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Salesforce.com Sets Sights on $60 Billion in Revenue
Nobody can claim Marc Benioff, CEO of Salesforce.com, is anything if not audacious in his plans for growth. Salesforce recently announced a targeted revenue goal of $60 billion annually by 2034. Contrast that with the current forecasted revenue guidance of $12.5 billion for FY2019.
This blockbuster goal was recently announced by CTO and co-founder Parker Harris at an exclusive analyst presentation. Through this meeting, we learned that Salesforce has set some lofty revenue goals as measured against its current run rate. These include the aforementioned 2034 goal of $60 billion, but equally aggressive are the interim steps of $20 billion by 2022 and $40 billion by 2028. These revenue goals were announced in a “chapter” format (see below) that show the progression as a Table of Contents in “The Book of Salesforce.”
According to the presentation, Salesforce is entering Chapter 3, a four-year period spanning 2018 – 2022 with a revenue goal of $20 billion, effectively doubling the $10 billion milestone just recently eclipsed by Salesforce in calendar year 2017. While the $20 billion number is not a new goal, and was previously announced during Salesforce’s Q3 earnings call, the announcement to move to $60 billion is quite the eye opener.
Salesforce just recently eclipsed the $10 billion annual run rate, effectively doubling annual revenues from $5 billion in a little over 2.5 years! It looks like Salesforce is continuing to look at a doubling effect over a set period, even though these time horizons are now extended as compared to previous doubling cycles. Chapter 4 covers 2022 – 2028, a six-year period of time, where Salesforce intends to double revenue again from $20 billion to $40 billion annually. Chapter 5 spans another six-year period, 2028 – 2034, where the final $20 billion in annual revenue aims to be attained.
Diversified Growth Above the Market
How is Salesforce.com going to reach such lofty goals? During the Q3 earnings release last November, it announced that it was going to rely heavily on large commercial enterprise companies. So we expect Salesforce to continue to push new products into its existing customer base, especially if you are just a Sales Cloud customer and have yet to adopt Service Cloud or Marketing Cloud. Look for Salesforce to present opportunities for customers to adopt additional products under a special pricing scheme, but be cautious to ensure that the price presented is discounted appropriately, which will require some price calibration by a third party. It is also critical to obtain contractual assurances from Salesforce that the promotional or discounted pricing will be provided for a longer period than a single subscription term.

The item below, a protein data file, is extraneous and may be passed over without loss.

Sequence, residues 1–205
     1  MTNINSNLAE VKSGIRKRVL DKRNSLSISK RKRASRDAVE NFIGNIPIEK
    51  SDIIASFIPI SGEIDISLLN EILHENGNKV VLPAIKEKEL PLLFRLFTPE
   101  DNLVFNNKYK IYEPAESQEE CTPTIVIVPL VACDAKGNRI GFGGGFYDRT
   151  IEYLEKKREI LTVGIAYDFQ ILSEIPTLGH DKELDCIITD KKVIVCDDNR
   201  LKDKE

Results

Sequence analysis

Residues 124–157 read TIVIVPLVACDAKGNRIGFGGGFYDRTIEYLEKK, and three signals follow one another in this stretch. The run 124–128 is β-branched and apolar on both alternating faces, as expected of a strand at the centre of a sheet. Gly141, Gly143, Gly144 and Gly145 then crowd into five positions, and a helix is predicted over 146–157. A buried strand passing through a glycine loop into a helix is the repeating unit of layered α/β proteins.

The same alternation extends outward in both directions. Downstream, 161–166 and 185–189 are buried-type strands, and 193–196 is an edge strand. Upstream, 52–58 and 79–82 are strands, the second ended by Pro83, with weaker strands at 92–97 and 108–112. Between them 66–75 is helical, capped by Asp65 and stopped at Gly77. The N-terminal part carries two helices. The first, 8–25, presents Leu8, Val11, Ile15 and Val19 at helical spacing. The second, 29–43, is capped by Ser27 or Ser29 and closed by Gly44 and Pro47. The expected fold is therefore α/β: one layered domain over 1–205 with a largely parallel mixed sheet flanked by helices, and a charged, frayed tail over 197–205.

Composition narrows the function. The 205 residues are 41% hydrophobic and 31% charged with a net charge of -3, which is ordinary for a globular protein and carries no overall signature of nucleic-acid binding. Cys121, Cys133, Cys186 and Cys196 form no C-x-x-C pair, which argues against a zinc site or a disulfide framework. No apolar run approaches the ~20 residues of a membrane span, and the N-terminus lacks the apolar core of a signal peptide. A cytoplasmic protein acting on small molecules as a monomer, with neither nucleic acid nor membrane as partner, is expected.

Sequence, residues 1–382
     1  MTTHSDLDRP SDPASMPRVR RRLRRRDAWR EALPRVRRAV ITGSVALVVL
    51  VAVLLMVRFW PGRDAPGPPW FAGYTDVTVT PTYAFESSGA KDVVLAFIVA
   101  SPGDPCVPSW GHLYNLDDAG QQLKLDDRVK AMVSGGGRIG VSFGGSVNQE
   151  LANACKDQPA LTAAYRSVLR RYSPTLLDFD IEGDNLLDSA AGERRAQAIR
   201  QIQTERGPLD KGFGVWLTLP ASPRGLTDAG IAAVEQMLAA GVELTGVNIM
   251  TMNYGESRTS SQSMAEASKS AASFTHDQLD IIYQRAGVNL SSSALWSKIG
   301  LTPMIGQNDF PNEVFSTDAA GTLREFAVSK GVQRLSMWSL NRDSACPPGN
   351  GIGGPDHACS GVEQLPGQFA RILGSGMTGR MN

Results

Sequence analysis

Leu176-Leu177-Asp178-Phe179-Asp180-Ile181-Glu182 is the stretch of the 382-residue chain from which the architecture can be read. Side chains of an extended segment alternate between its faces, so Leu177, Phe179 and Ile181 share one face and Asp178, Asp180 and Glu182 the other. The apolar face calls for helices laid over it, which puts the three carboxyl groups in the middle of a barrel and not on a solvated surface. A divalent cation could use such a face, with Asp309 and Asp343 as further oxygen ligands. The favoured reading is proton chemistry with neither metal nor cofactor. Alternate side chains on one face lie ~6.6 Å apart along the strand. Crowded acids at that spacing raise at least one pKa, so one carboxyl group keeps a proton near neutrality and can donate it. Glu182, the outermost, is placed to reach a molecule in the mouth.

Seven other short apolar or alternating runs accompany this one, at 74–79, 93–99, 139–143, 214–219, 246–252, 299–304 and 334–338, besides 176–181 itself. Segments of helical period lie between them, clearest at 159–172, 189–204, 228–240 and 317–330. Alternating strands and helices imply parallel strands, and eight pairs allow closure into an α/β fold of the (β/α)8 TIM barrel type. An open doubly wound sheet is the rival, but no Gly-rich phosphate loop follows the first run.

One of Salesforce's key strengths comes from an internationally diversified abundant customer base that covers major cities all around the world. According to the company's latest investor presentation and quarterly SEC filing, Salesforce’s revenue growth rate is approximately double the global CRM market and exposure to a single client has not exceeded five percent of total revenue. As can be seen below, Salesforce also recently significantly expanded its highest-paying customer band from three $20M+ customers in 2014 to twenty-four $20M+ customers in 2018.
Extending Its Market Leadership
Over the past few years, Salesforce has also successfully managed to gradually grow its market share to almost one fifth of the whole global CRM market. Between 2009 and 2016, the company's market share went from 6.3% of the market to 18.1% while market shares of Salesforce’s major competitors in the field of enterprise software stagnated or shrunk. This testifies Salesforce’s durable growth and clear competitive edge in the CRM market segment.
Expect Salesforce to stay aggressive with its acquisition strategy. For consumers of technology solutions that may be considered an acquisition target, it is critical to understand what the go-forward relationship will look like under Salesforce if it acquires a company that resides in your portfolio. Preparation in advance of an acquisition notice is key. In calendar year 2016 alone, Salesforce spent ~$5B acquiring critical technology to build out its product roadmap. Key examples include SteelBRICK, which brings native CPQ functionality to Sales Cloud, Quip, which aims to compete with MSFT in the productivity apps space, and the megadeal for Demandware, which has become the core of the Commerce Cloud offering. Many smaller acquisitions have and continue to add to Salesforce’s target AI initiatives, branded Einstein offering.